Whose Fault is it in a Pedestrian, Car Accident in Florida?
On Behalf of Rosenthal, Levy, Simon & Sosa | July 16, 2022 | Pedestrian Accidents
In a vehicle-pedestrian collision, the pedestrian sustains significantly more injuries than the driver. This, however, does not necessarily indicate that the driver is automatically responsible for the accident. In certain circumstances, pedestrians may be partly or completely at fault for the accident.
Determining Fault in a Vehicle-Pedestrian Accident
To determine who is liable when a car collides with a pedestrian, a close look at the activities of both the car driver and the pedestrian is needed.
What Was the Pedestrian Doing When the Accident Occurred?
- Did the pedestrian have the right-of-way?
- Did the pedestrian violate any law?
As long as the pedestrian did not violate any law and had the right-of-way, there is a minimal chance that they will be held liable for colliding with the vehicle. On the assumption that they did, the pedestrian would generally be partially or otherwise fully accountable for the accident. Furthermore, pedestrians who engage in the following illegal actions may put them at fault for an accident:
- Passing on a crosswalk, even if they do not walk sign is displayed
- Walking on a highway, road, or street when drunk or drugged
- Not stopping to look before crossing
- Walking in places that are prohibited around causeways or bridges
- Sporting dark attire at nighttime
- Running after a ball or item that landed on the street
- Looking at their cellphone while walking
What was the Driver Doing When the Accident Occurred?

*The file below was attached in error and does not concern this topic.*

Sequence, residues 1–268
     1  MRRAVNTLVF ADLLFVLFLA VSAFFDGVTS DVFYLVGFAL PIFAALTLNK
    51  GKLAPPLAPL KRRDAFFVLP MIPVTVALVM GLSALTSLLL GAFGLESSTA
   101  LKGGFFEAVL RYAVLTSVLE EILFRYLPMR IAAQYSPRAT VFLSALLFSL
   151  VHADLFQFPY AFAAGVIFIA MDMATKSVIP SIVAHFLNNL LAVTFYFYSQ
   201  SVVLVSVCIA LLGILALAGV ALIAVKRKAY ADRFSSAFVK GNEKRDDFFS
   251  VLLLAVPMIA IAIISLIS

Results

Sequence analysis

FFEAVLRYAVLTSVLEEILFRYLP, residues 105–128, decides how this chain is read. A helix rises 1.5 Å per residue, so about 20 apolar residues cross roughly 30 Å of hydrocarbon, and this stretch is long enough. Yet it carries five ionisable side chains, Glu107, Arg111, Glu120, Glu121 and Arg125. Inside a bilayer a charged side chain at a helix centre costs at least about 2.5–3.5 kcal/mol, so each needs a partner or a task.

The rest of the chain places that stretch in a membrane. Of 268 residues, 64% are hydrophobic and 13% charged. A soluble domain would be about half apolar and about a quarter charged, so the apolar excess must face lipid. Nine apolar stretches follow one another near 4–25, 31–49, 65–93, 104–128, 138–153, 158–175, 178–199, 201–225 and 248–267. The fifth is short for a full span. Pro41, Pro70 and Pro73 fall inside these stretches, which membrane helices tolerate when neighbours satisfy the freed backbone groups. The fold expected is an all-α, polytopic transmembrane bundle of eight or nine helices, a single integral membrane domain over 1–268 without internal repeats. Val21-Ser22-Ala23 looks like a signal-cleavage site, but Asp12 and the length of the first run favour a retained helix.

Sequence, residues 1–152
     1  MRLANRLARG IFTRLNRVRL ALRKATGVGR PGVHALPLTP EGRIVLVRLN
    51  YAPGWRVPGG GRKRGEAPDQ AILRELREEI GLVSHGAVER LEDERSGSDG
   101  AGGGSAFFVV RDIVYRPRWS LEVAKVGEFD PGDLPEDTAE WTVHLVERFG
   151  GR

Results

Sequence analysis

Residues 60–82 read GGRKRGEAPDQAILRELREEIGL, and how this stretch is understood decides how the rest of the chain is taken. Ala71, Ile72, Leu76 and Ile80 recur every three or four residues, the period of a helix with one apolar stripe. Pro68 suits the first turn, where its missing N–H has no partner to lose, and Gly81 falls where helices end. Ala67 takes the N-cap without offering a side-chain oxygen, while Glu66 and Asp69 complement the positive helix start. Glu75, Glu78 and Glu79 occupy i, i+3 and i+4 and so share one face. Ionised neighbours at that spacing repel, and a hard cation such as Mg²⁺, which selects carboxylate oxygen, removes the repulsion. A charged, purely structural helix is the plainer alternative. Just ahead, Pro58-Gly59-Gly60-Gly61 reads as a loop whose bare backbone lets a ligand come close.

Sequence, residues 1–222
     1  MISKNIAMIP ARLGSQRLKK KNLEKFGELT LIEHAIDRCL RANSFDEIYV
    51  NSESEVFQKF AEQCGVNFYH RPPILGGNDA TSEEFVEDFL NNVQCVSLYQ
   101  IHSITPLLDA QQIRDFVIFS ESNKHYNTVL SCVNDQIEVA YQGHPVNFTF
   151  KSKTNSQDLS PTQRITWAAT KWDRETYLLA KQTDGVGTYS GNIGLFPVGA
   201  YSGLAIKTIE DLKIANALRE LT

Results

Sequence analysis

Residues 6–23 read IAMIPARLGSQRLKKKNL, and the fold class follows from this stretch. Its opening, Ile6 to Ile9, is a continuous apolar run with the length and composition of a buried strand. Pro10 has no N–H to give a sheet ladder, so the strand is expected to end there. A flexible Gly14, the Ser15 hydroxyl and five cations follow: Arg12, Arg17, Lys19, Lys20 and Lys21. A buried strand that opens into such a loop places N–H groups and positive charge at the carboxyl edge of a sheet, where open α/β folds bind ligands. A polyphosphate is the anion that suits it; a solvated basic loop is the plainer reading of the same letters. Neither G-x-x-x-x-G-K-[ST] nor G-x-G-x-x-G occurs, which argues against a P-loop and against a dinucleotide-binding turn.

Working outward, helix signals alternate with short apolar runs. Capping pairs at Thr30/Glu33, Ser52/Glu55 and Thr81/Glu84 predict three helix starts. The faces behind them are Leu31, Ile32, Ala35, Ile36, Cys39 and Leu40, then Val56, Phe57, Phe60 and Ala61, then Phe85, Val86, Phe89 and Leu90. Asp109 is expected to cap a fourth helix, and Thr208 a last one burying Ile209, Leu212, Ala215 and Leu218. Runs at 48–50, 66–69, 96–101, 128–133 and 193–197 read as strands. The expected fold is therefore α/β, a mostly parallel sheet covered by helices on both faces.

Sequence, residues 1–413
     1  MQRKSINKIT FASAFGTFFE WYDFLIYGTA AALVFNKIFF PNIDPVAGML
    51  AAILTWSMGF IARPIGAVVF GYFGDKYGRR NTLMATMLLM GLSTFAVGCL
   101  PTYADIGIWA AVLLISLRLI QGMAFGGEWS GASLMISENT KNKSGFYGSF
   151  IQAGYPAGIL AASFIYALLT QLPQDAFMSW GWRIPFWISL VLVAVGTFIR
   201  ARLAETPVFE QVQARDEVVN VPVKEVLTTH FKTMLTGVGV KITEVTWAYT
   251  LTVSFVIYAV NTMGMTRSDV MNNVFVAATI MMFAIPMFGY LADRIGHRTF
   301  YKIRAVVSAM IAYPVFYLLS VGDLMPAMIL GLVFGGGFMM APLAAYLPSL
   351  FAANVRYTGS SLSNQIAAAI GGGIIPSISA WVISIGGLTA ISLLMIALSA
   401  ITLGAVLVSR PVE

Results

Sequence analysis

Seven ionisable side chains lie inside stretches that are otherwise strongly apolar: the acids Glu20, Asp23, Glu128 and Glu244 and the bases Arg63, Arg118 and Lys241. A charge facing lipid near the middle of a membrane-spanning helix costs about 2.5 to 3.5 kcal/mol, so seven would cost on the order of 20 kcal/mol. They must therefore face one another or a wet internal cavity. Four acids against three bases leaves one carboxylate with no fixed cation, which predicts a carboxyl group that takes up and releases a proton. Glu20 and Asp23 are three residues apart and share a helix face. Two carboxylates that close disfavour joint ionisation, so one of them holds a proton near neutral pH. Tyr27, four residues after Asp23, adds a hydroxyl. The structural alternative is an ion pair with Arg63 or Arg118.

- Were they driving lawfully in the area where they were driving?
- Were they driving at an appropriate speed?
- Were they focusing on the road?
Supposing that the driver was driving properly, they would have a small chance of being accused of the accident. But if the pedestrian’s actions did not violate anything, the driver would then be completely at fault for the accident. Keep in mind that drivers are obligated to drive at a safe and appropriate speed—meaning that they should be aware of when to stop or slow down for pedestrians. Usually, drivers fail to do so when they:
- Exceed the speed limit in a neighborhood
- Don’t stop for a pedestrian
- Don’t look out for children in the street
- Don’t look out for pedestrians standing by an intersection
- Don’t notice a pedestrian passing along a crosswalk
- Don’t spot a special pedestrian crossing spot that is not at an intersection
- Don’t yield to a bicycle
- Drive under the influence
In some instances, the driver may be at fault along with the pedestrian or another person concerned.
Talk to a Port St. Lucie Personal Injury Lawyer Now
Whether you’re a pedestrian or a driver, if you have suffered injuries in a traffic crash and fault is not clear or being contested, please reach out to Rosenthal, Levy, Simon & Sosa for legal counsel. Our Port St. Lucie personal injury lawyer will investigate the accident, figure out who caused it, establish liability for your losses, and secure the compensation you deserve.
To schedule your free case evaluation with our Port St. Lucie personal injury lawyer, please call our office at 772-249-3776 or complete our online contact form.